Monthly Archives: May 2011

New Miniature Weapons: tagging, tracking, locating and destroying

 

A new generation of weaponry is being readied in clandestine laboratories across the nation [USA]-

Responsibility to Protect or an Excuse for War: Libya

For those who back muscular humanitarian intervention, both the words and deeds of Colonel Muammar Qaddafi provided absolute moral clarity. “Come out of your homes, attack [the opposition] in their dens,” he told his supporters on February 22nd. He called the protesters “cockroaches” and “rats” who did not deserve to live: language chillingly reminiscent of the broadcasts of Radio Mille Collines, which spurred on the perpetrators of Rwanda’s genocide in 1994.

As he spoke, his forces had set their sights on Benghazi, their adversaries’ stronghold. According to Human Rights Watch, a New York-based group, government forces had already killed 233 people in the preceding week. A bloodbath beckoned, in a city of 700,000 people. The United Nations Security Council invoked a fateful formula, urging the regime to meet its “responsibility to protect” its people. On March 17th the council, “expressing its determination to ensure the protection of civilians”, ordered air strikes.

That set the stage for the first full-blown test of a principle that the UN adopted in 2005 and has been refining since. The doctrine of “responsibility to protect” (R2P) holds that when a sovereign state fails to prevent atrocities, foreign governments may intervene to stop them. Human-rights advocates say it saves lives. Sceptics see it as too easily misused to be useful: a cover for imperialism, or even an incentive to kill (because even if a massacre is not looming, an unscrupulous warlord might be tempted to engineer one against his own people to spur outside support).

Previous uses of R2P have been solo ventures. In 2008 Russia used it to justify attacking Georgia, and France cited it after the cyclone in Myanmar, implying that humanitarian aid might have to be brought in by force if the regime persisted in stonewalling (it backed down). But before this year, no mission had been authorised by the UN Security Council that so explicitly cited the new principle.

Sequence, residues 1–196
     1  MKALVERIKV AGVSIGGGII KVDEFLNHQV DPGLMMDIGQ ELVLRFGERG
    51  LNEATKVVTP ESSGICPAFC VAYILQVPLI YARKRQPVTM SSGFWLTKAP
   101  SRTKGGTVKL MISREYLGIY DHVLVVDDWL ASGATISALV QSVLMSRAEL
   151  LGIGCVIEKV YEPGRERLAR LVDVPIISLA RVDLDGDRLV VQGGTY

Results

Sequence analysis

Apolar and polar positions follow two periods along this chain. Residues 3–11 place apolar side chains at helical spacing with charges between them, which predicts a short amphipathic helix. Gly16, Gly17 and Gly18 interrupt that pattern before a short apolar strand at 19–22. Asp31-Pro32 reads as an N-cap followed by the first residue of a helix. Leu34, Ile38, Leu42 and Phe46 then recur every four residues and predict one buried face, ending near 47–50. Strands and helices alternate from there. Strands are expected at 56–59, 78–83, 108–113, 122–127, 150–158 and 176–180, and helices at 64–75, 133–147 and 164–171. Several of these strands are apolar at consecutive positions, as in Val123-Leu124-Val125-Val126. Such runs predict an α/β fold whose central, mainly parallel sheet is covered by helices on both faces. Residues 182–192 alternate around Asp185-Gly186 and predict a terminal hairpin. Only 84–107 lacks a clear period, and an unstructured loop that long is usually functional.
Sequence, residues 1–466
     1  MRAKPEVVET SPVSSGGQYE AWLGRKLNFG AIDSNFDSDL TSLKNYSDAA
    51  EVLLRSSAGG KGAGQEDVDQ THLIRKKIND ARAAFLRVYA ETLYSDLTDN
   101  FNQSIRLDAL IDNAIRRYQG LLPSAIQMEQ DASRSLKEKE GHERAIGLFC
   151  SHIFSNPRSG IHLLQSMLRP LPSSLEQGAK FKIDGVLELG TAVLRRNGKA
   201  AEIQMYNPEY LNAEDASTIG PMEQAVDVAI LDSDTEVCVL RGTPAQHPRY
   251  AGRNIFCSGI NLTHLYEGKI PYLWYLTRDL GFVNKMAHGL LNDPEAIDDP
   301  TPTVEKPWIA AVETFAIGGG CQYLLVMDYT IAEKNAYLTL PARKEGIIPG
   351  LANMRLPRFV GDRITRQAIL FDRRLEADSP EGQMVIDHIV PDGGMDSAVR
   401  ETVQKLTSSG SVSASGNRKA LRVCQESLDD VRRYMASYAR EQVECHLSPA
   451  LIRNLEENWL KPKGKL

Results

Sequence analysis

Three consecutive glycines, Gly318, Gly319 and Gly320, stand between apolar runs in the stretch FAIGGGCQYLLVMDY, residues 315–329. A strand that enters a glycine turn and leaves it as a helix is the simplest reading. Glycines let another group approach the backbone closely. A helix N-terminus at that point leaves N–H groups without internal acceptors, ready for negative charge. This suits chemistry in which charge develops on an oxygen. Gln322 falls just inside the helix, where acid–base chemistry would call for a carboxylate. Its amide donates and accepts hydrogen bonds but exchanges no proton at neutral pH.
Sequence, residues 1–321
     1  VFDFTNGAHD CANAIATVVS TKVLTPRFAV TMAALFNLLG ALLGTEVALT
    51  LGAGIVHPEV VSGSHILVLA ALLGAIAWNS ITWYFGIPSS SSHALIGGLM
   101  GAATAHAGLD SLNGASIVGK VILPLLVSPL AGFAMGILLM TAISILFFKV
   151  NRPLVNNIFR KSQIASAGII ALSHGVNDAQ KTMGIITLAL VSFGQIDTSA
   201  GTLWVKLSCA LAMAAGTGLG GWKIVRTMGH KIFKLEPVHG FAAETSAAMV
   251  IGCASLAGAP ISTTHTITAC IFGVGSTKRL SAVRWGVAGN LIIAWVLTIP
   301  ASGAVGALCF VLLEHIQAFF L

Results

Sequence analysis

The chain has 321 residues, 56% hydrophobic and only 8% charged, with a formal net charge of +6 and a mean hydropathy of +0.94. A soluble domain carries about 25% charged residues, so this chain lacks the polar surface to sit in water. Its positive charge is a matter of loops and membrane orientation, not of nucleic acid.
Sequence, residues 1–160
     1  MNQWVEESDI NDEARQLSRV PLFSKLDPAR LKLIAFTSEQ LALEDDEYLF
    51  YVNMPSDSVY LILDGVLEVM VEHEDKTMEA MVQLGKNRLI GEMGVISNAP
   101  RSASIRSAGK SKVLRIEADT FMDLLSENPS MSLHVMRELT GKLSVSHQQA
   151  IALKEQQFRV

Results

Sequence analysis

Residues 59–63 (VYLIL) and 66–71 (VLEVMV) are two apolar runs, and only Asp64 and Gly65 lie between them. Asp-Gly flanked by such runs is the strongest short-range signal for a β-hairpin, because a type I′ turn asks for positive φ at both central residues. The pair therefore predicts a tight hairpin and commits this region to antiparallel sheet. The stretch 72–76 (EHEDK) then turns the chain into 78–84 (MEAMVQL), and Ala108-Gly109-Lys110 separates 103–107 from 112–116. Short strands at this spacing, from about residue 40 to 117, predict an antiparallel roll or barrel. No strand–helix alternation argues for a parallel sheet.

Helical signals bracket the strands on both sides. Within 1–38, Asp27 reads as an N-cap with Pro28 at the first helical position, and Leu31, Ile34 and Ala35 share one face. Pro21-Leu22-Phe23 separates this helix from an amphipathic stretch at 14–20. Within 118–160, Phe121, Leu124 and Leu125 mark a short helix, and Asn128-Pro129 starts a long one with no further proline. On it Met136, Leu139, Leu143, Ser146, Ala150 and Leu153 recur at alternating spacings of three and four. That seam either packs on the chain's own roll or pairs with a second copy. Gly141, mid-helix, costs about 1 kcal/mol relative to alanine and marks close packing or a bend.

At first it looked likely that the doctrine would either triumph or die in Libya. But two months and thousands of air strikes later, war’s messy reality has merely hardened views on both sides. On one hand, the decision to go to war was made in good faith at a time when the risk of massacres seemed real. As Mats Berdal, a professor at King’s College London, points out, the world’s leading powers had good reason to think they were “avoiding a Srebrenica”—the massacre of Bosnians which UN forces failed to avert in July 1995.  But as the war drags on and NATO strikes more widely, sceptics also feel their case has been bolstered. “For those of us who feared that R2P was just a warrant for war, our fears have been vindicated,” says David Rieff, an advocate-turned-critic….

Colonel Qaddafi provided an all-but-unique test. Regional leaders loathed him and readily dumped him. The Arab League’s support for the intervention stopped Russia and China wielding their vetoes. And the concentration of the rebels in the east, combined with flat desert terrain, at first made the regime’s forces easy bombing targets. “The stars were well and truly aligned in the Libya case,” says Mr Evans. “All the criteria were satisfied.”  The immediate goal of protecting Benghazi from massacre was achieved within days. Having destroyed Libya’s air defences, Western bombers and missiles pummelled the advancing troops into a speedy retreat…Protecting all Libyans, not just those in the east, would require the end of Colonel Qaddafi’s rule—an outcome that both Western and Arab governments had already called for. NATO stepped up its military campaign, bombing retreating columns as well as advancing ones, and attacking command-and-control centres frequented by Colonel Qaddafi and his family. On April 30th an air strike killed one of his sons. The line between curbing atrocities and an air war for regime change blurred—though a land operation is ruled out, for the moment.

Excerpt, Responsibility to protect: The lessons of Libya, Economist, May 21, 2011, at 67

When Sanctions Start to Bite: Iran, North Korea, Syria Nuclear Nonproliferation

On May 23, 2011, pursuant to the Iran, North Korea, and Syria Nonproliferation Act (INKSNA), the United States imposed sanctions on two Belarusian entities, three Chinese entities and one individual, five Iranian entities and one individual, one North Korean entity, two Syrian entities and one Venezuelan entity.

The sanctioned entities are: